http://www.bluecranedigital.com/

Tylers86
08-06-2010, 10:48 PM
Wow thanks for all those links Fahad.

I can attest to the blue crane series. The t2i is my first DSLR, or camera really other then a Cann vixia camcorder I got started with 6 months ago. However, my learning has really taken off after reading and learning more about photography, which is great because it applies so much to video as well as learning all about cameras.

I got the blue crane "introduction to the t2i" video, which covers things from basic layout and interface(mode dial explanation, where shutter and other settings are displayed), to photography principles (moderatly in depth, but simple) and in depth use of the camera (mostly for stills, but like I said is very helpful to understanding the camera and applying that to taking video). I also got blue crane "shoot great video with canon dslr", another instructional video that has lots of video with DSLR's (they use 7d and 5d in it, will also apply to the t2i).

When in "M" you may have never changed any of the settings from when you first turned it on in that mode, and if the shutter was set to a high value (for some reason?) it wuold have taken a long time. For 5 seconds, it would have to be quite a high number. Try lowering the shutter to 1/10 and turn off live view.

One tip from me: When shooting stills in the creative modes pressing the Q button accesses the quick menu and allows for fast navigation and changing to available settings until you are comfortable with looking through the view finder and adjusting the numbers there. It also helpful in movie mode to quickly select resolution/fps, white balance, picture style (dont overlook this setting), etc.

Fahad
08-06-2010, 11:10 PM
you're welcome.

a year or two ago i wanted to get a video camera (canon hv20/30), but i was never completely satisfied with the performance of 35mm lens adapters (in my budget). video slr's were still in their infancy, and expensive (there was the nikon d90, and the canon 5d mark ii, both without manual controls and slightly above my finances).

so i figure: 1) they're going to get cheaper/better, and 2) might as well learn photography in the mean time.

i am VERY happy that i learned photography before the delve into video. it helped me a lot. so working with video slr's was just a natural adjustment.

as i said, learn as much as you can about photography/cinematography and practice a lot.

as for technical considerations, you'll quickly find that you'll need faster lenses (i.e. lenses with bigger apertures).

the kit lens that came with your camera can only open up to f/3.5 on the wide end, and f/5.6 on the long end. a bigger f number means a smaller hole, means less light coming in. more expensive zoom lenses are 2.8, which is nice. but if you really want 'speed', then you'll have to give up zooms all together (best for 'planned' shoots). the alternative is 'prime lenses', meaning their focal lengths doesn't change. there are lenses that open up to f/2, f/1.8, f/1.4, and even f/1.2.

so lenses with 'wider apertures' means lenses with more light-gathering ability. but keep in mind the aesthetic considerations when shooting 'wide-open': it will create a very shallow depth of field (http://en.wikipedia.org/wiki/Depth_of_field), which is fine for some shots, not for others. which is why you'll eventually get a light kit (depending on what kind of work you want to do, and how serious you are about it).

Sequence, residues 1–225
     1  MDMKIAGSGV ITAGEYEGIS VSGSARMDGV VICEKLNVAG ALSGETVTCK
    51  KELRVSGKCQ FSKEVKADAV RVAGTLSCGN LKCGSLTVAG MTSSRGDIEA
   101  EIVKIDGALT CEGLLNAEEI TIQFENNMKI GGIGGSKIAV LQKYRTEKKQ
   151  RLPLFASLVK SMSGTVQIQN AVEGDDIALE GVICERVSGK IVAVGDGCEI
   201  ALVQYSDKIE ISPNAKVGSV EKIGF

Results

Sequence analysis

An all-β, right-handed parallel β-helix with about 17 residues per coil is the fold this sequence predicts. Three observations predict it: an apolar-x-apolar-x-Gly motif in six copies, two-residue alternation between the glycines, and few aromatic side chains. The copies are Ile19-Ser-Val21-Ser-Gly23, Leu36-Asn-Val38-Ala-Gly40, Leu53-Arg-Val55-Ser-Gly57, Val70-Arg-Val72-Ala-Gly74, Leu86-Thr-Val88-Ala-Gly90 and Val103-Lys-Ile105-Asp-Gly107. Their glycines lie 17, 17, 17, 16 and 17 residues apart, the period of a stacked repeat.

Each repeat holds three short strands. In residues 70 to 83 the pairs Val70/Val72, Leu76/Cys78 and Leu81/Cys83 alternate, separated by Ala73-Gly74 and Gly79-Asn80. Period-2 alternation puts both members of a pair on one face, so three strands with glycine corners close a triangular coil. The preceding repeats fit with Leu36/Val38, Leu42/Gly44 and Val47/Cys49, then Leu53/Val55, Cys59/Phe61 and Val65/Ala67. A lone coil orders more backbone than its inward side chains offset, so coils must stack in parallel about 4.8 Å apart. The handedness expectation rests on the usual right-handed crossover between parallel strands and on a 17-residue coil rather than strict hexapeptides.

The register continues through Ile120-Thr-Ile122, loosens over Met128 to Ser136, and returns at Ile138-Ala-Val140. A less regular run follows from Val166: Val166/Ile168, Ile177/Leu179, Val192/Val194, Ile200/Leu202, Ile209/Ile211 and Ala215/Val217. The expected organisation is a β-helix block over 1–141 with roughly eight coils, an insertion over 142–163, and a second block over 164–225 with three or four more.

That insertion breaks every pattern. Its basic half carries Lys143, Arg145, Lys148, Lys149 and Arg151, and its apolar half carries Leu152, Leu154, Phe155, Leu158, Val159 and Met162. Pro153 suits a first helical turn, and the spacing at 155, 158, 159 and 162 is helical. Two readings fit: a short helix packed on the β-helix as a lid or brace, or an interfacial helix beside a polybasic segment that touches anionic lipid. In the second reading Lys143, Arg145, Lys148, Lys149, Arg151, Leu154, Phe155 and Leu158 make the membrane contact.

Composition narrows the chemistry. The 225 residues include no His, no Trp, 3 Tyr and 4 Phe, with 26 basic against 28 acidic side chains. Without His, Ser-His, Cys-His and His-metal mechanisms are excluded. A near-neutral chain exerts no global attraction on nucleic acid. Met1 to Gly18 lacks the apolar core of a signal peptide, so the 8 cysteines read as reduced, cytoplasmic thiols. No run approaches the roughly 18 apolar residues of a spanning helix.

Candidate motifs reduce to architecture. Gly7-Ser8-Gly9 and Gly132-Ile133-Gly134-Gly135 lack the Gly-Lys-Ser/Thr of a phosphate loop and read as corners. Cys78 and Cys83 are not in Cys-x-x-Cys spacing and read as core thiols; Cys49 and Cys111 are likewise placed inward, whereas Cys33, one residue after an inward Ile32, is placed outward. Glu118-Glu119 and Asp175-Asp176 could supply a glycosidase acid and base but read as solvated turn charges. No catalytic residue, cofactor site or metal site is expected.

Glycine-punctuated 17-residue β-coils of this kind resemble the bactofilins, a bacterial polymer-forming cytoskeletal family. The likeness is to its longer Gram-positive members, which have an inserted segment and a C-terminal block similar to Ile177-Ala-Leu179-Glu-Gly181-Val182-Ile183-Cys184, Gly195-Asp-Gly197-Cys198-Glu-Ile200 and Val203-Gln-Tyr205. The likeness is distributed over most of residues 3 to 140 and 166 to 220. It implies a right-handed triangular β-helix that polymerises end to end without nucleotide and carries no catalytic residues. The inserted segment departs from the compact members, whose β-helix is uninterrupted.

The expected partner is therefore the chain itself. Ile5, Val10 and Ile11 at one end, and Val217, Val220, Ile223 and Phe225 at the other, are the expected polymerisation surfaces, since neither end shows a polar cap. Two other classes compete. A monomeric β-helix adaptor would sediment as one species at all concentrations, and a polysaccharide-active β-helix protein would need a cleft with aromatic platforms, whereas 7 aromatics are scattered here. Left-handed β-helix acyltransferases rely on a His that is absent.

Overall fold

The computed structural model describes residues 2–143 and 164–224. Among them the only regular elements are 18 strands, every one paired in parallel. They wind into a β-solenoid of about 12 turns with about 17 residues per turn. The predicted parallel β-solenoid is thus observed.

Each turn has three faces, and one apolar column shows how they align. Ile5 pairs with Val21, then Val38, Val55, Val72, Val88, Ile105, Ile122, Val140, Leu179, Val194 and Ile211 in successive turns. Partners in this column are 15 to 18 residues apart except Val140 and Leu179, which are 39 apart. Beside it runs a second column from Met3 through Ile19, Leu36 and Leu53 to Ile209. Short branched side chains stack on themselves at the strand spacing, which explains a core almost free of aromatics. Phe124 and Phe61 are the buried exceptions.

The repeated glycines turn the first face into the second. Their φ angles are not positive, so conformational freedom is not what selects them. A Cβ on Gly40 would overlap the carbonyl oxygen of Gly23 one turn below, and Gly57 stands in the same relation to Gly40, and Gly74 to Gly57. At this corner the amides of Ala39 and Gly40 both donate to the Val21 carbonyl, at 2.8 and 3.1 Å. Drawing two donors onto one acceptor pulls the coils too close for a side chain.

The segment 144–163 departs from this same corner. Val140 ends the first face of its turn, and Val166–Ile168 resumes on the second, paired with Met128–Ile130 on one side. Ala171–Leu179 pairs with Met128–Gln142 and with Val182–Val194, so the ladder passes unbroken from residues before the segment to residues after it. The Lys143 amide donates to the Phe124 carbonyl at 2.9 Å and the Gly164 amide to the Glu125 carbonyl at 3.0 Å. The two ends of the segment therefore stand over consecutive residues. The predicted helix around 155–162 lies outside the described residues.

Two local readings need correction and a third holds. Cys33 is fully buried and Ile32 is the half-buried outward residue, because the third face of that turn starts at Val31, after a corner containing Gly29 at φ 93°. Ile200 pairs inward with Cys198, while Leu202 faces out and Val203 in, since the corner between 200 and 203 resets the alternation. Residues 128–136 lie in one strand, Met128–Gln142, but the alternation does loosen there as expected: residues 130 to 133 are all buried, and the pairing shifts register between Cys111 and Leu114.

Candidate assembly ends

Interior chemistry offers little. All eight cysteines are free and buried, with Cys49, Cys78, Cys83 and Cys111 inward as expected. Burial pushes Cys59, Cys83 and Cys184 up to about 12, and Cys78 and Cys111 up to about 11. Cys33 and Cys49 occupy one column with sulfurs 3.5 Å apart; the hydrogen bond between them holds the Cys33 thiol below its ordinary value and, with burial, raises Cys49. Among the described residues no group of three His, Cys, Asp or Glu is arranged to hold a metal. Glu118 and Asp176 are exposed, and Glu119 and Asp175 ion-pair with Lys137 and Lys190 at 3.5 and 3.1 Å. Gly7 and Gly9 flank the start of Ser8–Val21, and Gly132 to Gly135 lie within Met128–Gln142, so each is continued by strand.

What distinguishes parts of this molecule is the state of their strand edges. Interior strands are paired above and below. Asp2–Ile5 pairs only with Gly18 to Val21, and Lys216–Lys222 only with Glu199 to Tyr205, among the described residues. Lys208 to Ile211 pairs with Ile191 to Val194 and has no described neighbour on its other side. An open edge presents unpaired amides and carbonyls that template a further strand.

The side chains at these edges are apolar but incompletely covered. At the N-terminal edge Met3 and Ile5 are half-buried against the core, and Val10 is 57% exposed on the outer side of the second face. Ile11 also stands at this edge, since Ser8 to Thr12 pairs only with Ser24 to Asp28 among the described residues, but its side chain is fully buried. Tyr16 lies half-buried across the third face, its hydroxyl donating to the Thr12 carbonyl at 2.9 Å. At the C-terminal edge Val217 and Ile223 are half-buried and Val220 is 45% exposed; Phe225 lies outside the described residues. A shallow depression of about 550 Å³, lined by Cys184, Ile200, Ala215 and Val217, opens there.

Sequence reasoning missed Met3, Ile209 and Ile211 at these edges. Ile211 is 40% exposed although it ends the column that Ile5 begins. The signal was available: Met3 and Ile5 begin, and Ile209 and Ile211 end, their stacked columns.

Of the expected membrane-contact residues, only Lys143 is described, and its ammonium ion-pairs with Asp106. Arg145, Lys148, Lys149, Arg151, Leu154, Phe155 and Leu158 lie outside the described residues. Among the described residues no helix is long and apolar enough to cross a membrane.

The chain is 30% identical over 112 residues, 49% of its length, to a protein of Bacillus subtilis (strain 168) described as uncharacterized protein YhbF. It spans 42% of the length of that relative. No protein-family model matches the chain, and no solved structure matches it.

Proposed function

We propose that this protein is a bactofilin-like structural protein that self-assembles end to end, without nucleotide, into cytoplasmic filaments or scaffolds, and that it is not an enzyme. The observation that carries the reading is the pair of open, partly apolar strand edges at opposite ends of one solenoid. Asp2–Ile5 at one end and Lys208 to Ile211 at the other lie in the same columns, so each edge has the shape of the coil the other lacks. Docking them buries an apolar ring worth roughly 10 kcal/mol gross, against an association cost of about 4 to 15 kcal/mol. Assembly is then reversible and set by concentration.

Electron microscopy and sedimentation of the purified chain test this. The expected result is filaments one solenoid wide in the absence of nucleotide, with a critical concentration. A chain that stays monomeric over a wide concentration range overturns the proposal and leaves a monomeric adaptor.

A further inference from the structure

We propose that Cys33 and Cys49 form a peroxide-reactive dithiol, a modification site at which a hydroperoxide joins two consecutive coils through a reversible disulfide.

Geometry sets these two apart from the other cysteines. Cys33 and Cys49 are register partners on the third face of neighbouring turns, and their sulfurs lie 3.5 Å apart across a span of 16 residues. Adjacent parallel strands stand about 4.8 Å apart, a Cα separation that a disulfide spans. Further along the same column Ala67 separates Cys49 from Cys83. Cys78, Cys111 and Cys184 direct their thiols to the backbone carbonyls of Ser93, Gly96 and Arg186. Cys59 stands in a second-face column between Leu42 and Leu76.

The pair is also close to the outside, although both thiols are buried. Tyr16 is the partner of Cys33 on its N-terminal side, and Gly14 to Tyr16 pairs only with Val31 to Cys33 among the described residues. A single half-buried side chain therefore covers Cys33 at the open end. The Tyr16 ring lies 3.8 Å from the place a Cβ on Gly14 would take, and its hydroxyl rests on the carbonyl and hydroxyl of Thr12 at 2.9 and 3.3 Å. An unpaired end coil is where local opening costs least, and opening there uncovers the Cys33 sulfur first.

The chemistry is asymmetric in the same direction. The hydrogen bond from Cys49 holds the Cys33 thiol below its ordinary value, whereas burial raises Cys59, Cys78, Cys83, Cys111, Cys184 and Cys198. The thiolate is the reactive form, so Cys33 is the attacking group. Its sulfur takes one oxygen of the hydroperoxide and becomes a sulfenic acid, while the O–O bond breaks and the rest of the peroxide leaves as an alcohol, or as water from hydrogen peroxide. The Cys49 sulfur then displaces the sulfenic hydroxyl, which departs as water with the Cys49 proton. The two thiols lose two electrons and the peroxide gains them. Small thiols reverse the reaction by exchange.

a note about zoom lenses with varying apertures (like the kit lens): the lens is '18-55mm f/3.5-5.6'. what the 3.5-5.6 means, that as you are shooting at 18mm at 3.5 then zoom in while still shooting to 55mm, the aperture will contract and thus give you varying exposure while zooming. and i have also noticed that even if you're shooting with an aperture of, say, f/7 at 18mm, then zoom in, it'll also change the exposure (something about how the lens it designed to give you a sharp zoom range on the cheap).

Tylers86
08-07-2010, 12:09 AM
so lenses with 'wider apertures' means lenses with more light-gathering ability. but keep in mind the aesthetic considerations when shooting 'wide-open': it will create a very shallow depth of field (http://en.wikipedia.org/wiki/Depth_of_field), which is fine for some shots, not for others. which is why you'll eventually get a light kit (depending on what kind of work you want to do, and how serious you are about it).


Quick question.

If out doors in bright sunlight, and shooting video with the kit 18-55mm lens, shooting on the wide end (18-25mm) do you have any suggestions for an aperture to obtain deep focus of near to semi-distant fast moving subjects.

Fahad
08-07-2010, 12:14 AM
Quick question.

If out doors in bright sunlight, and shooting video with the kit 18-55mm lens, shooting on the wide end (18-25mm) do you have any suggestions for an aperture to obtain deep focus of near to semi-distant fast moving subjects.

you just close the aperture as much as you can/need.

on the other hand, if you want shallow depth of field in sunlight, then you open up the aperture and use something called a neutral density (ND) filter on the lens. the ND filter acts as a light-blocking filter.

TheOpusFuller
08-08-2010, 01:32 PM
Thanks everyone for chiming in and helping me out.

Definitely going to look into those links provided.